As part of Self Care Week 2014 (17-23 November), local doctors are encouraging residents to better understand how to take care of themselves and their family members this winter.

By being better aware and making some simple changes, residents can take care of their own health at home without the need of seeing their GP.

Self care means eating properly, taking regular exercise and looking after symptoms of common everyday illnesses. It’s also about understanding any long-term conditions that you may have and managing these on a daily basis. Eating a healthy balanced diet and taking regular exercise, as well as knowing when to self care and when to seek medical advice all contribute to good health.

Most cold and flu symptoms can be treated safely at home. More often than not the best course of treatment is to get plenty of rest and drink lots of fluids. Coughs, colds and sore throats are caused by viruses and so cannot actually be treated by antibiotics, despite many people still believing so.

Dr Tony Naughton, a local GP and clinical chief officer of NHS Fylde and Wyre Clinical Commissioning Group (CCG), said: “We can’t highlight enough the importance of self care. When people take good care of their own health it has benefits for everyone. People spend less time at medical appointments and get more enjoyment out of life.

Dr Tony Naughton“Many people often turn to their GP for advice, when in fact they could have treated themselves at home with over the counter remedies or with a visit to their local pharmacist, who can help treat a lot of minor illnesses and ailments.

“If a cold lasts more than three weeks, or you become breathless, have chest pains, or already suffer with a chest complaint, then you should see your doctor.”

Pharmacists are well placed to provide advice on which remedies can best treat the symptoms of many minor ailments. They can provide confidential, expert advice and treatment for a range of common illnesses and complaints, without having to wait for a GP appointment or go to A&E. First aid treatments for minor accidents such as plasters and antiseptic creams can also be obtained from the pharmacy.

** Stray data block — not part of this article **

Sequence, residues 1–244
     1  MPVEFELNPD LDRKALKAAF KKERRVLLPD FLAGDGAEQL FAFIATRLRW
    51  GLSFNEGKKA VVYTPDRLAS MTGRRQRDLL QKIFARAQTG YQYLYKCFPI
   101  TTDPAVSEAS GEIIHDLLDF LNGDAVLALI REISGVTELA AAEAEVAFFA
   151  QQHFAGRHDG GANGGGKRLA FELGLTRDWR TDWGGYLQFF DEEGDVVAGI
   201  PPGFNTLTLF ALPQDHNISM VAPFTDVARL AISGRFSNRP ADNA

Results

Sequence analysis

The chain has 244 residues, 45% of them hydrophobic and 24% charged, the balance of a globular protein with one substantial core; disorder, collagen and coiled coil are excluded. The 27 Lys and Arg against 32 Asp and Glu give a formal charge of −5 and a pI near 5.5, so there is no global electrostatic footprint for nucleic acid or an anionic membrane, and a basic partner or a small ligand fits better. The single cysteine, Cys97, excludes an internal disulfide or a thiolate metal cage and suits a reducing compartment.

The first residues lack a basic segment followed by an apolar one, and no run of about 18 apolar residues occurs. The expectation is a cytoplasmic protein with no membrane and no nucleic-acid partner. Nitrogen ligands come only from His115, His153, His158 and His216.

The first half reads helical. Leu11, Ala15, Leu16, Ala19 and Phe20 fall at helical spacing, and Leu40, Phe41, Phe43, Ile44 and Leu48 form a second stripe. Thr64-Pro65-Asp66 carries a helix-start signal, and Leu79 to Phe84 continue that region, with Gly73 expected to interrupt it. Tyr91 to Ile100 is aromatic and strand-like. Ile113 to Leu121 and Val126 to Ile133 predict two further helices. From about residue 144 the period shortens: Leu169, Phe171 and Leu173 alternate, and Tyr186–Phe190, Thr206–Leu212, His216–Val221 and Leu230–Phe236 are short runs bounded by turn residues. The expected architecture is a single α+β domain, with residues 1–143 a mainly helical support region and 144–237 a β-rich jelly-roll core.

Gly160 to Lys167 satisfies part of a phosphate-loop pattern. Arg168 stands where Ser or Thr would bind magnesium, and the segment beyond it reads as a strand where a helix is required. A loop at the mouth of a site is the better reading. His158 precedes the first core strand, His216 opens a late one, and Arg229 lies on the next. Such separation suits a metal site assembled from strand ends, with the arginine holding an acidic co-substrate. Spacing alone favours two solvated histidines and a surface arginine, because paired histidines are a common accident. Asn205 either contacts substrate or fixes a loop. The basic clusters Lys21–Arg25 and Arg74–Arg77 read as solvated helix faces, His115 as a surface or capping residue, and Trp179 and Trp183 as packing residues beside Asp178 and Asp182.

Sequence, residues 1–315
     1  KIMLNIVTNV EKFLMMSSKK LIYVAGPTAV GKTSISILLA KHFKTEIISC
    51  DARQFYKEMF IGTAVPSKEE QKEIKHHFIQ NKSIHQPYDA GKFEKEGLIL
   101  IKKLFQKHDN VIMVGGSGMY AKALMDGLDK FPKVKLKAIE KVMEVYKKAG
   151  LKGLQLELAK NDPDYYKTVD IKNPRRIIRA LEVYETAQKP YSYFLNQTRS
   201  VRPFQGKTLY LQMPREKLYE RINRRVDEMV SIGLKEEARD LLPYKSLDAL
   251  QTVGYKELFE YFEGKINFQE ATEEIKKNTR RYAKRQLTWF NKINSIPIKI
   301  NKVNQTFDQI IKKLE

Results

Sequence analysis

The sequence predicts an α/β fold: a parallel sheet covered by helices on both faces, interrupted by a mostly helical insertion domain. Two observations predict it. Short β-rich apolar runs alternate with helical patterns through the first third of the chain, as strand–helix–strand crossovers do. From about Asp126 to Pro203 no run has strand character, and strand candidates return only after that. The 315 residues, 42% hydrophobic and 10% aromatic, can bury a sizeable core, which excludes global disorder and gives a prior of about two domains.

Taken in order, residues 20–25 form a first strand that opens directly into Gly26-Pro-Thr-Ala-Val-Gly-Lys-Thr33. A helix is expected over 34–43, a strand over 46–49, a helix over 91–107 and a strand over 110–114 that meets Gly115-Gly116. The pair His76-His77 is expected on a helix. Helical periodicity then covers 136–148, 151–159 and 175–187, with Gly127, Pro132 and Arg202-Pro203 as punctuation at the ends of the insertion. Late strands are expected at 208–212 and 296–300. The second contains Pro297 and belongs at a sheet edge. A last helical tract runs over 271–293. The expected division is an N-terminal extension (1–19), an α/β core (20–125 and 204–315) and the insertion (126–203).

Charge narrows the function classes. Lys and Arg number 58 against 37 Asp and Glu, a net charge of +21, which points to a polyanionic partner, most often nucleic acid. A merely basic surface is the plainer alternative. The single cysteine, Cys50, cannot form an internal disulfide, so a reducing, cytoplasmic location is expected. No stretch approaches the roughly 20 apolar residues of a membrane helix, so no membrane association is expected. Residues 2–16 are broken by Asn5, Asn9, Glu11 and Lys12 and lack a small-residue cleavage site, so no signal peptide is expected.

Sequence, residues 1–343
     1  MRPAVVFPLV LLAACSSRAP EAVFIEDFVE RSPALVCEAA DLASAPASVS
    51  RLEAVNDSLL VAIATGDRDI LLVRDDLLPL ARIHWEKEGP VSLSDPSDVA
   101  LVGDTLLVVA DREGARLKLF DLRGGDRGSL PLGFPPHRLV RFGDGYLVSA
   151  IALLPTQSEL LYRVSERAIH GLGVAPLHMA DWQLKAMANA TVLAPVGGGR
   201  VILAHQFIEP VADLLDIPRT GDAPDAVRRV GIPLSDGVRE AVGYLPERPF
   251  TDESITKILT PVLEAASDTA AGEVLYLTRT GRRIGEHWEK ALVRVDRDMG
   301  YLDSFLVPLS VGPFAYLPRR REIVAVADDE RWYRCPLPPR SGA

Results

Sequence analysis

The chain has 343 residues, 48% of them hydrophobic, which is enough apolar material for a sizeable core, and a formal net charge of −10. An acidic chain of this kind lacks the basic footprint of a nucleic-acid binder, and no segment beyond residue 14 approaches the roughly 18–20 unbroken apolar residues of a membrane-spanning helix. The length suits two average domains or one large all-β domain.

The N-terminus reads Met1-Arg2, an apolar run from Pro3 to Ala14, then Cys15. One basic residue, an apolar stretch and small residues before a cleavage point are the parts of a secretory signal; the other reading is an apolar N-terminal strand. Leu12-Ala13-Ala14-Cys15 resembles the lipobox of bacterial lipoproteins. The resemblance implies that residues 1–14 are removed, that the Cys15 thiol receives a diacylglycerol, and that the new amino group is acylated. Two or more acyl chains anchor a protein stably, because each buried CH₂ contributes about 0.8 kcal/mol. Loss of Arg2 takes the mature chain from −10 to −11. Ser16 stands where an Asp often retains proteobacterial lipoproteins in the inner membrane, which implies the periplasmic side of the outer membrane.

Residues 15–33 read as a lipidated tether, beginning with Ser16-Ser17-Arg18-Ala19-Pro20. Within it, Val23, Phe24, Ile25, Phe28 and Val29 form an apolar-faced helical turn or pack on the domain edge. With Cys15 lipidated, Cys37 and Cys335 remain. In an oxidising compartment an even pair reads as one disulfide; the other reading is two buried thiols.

You don’t need to make an appointment to see a community pharmacist and you don’t need to be registered either. Meaning you can visit when it’s most convenient for you.

National Self Care Week takes place between 17-23 November and you can find lots of useful advice by visiting


Notes to editors:

  • NHS Fylde and Wyre Clinical Commissioning Group (CCG) is the organisation responsible for planning and buying health services in the area to meet patients’ needs. This is known as ‘commissioning’.
  • Led by family doctors (GPs), the CCG currently serves a population of 152,000 people across approximately 320 sq km of coast and countryside. The majority live in the urban towns of Fleetwood, Thornton, Poulton-le-Fylde, Kirkham and Lytham St Annes, but a significant proportion live in rural villages.
  • The CCG receives a set amount of money from the government – around £200million in 2014/15 – and is committed to spending this wisely for the benefit of local people.
  • Giving you more choice is a priority of the modern NHS. More information is available through NHS Choices:
  • The NHS Constitution sets out your rights as an NHS patient:
  • There are many ways to get involved in health service developments, including joining our Affiliate Scheme or your practice’s patient participation group.
  • For more information about the CCG and how to get involved log onto

For further information please contact the media team on 01772 214213.